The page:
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How often do you perform an online search to learn more about a business or product before visiting or purchasing? How often do you find yourself scrolling through reviews to see what others’ experiences have been? Have you changed your mind on a purchase or dining decision because of what others have shared online?

Some business owners have caught on that positive reviews are more likely to attract customers than no reviews, or negative ones. Furthermore, reviews are a signal that can help your performance in Google’s local pack search results.

Could there be a negative review of your company somewhere online that you don’t know about, that could be causing you to miss out on potential connections or sales? This should keep you up at night. You need customers to run a business. So the first DO right out of the gate is to have a strategy in place for monitoring and managing online reviews. This should be part of your plan for taking control of your local SEO.

Before we get to more review best practices, allow us to expose a few “worst practices” that we’ve seen (you probably have, too), and that we don’t recommend you practice:

The DON’Ts

Don’t Fake Reviews.

Don’t be like the small engine repair company we recently stumbled upon that attempted to balance increasingly strong negative reviews with fake 5-star write-ups, and even a review left by the owner’s wife who, amazingly, gave the business 4 stars and went on to use the platform as a Facebook-comment type of post, responding to an actual customer’s negative review. We shouldn’t have to tell you that Google reviews are not an equivalent arena to Facebook disagreement threads.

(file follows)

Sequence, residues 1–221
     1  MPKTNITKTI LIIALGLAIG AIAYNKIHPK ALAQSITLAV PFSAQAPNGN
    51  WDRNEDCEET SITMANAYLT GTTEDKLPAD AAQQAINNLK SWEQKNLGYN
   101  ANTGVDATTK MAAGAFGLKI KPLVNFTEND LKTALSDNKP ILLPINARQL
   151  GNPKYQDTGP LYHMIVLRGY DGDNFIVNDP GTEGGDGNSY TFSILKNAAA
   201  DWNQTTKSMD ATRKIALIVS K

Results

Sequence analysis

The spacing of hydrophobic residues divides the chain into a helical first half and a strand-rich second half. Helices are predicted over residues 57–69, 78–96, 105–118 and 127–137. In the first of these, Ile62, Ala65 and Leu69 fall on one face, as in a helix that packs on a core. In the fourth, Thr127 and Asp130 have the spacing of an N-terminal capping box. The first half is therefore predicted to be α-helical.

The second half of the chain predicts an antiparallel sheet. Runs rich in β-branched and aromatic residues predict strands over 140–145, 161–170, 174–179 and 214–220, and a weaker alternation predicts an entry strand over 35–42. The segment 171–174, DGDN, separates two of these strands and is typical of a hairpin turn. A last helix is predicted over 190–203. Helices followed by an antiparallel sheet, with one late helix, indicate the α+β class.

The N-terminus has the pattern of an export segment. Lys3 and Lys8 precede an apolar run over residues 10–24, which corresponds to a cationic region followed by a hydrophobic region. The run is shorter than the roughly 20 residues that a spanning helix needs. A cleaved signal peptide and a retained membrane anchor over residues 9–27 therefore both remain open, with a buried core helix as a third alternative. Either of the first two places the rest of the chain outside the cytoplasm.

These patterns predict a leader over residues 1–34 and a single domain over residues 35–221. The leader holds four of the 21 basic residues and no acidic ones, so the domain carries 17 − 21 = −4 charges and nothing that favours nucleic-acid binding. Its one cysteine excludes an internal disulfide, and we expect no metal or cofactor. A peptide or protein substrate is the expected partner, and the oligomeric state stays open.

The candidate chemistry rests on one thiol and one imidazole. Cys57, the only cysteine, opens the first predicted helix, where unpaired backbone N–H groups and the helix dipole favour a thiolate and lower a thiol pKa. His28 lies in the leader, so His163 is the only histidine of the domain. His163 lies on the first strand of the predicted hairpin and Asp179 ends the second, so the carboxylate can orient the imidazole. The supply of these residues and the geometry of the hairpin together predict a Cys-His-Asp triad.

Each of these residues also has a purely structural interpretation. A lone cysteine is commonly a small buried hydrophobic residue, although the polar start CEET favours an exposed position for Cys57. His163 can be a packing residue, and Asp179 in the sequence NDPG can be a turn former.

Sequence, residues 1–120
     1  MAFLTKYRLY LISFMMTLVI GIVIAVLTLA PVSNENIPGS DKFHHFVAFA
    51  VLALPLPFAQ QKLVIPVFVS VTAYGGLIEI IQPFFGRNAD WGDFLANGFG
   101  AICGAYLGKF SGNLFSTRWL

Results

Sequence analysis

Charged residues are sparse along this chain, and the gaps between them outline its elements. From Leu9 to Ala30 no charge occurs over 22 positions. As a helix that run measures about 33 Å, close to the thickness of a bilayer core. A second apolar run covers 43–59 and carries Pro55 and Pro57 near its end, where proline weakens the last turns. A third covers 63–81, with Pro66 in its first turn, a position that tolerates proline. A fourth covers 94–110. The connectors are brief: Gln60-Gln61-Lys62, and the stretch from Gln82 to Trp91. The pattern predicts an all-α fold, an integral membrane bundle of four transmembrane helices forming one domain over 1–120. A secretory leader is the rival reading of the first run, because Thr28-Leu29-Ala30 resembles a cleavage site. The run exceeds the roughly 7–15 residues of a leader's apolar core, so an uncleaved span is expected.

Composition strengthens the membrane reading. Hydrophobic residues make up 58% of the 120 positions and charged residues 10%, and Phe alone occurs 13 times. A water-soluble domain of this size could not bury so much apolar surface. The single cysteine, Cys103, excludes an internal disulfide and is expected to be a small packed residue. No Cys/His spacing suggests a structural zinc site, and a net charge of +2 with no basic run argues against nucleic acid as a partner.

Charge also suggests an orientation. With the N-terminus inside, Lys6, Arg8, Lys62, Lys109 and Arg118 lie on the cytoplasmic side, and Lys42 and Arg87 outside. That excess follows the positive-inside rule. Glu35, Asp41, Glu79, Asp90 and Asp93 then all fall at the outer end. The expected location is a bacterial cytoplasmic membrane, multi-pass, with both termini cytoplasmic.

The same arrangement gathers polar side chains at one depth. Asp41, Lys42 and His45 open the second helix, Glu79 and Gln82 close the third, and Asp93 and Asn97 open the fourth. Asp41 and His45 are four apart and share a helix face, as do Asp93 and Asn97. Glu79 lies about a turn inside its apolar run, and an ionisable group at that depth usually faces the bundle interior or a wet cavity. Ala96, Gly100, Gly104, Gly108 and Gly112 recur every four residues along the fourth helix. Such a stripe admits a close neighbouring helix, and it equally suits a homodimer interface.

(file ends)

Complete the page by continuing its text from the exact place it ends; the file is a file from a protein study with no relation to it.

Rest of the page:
Don’t Ask Friends and Family to Write Reviews.

If you are a new business or have no or few reactions online, don’t attempt to “get the ball rolling” with reviews by having your employees, family, and friends write some. Not only could this violate the review policy for some third party sites, but the reviews are clearly going to be biased and based on the person’s personal affiliation with you, whether or not they actually had a great experience.

If a friend or family member leaves a review of their own accord…well, that’s very sweet of them to do. But you shouldn’t encourage it. (Plus, what happens when your own wife leaves you 4 stars instead of 5? No one needs that drama in their life.)

Don’t Ignore Your Reviews.

Google My Business and Facebook make it very easy to respond to reviews customers leave on your profiles. If it’s not realistic to address each one as it comes in, set aside a window of time each week to view and respond to recent reviews.

…But Don’t Rant at Your Reviewers.

So you got a negative review. Yes, it’s totally fair for you to be upset and even question the writer’s sanity because you’re clearly awesome, but get these feelings out of the way before your fingers hit the keyboard to respond. We all know the old adage, “You can catch more flies with honey than vinegar.” Don’t respond to reviews out of anger or disbelief. Believe your customer is upset, and believe your business depends, even in a very tiny way, on you handling the situation tactfully.

You owe it to the customer, and to your business, to acknowledge the review, make an effort to make it right with the customer, and show other users that the brand cares enough to respond to reviews. A brand that doesn’t show it’s listening is a brand that, in the eyes of the customer, isn’t listening.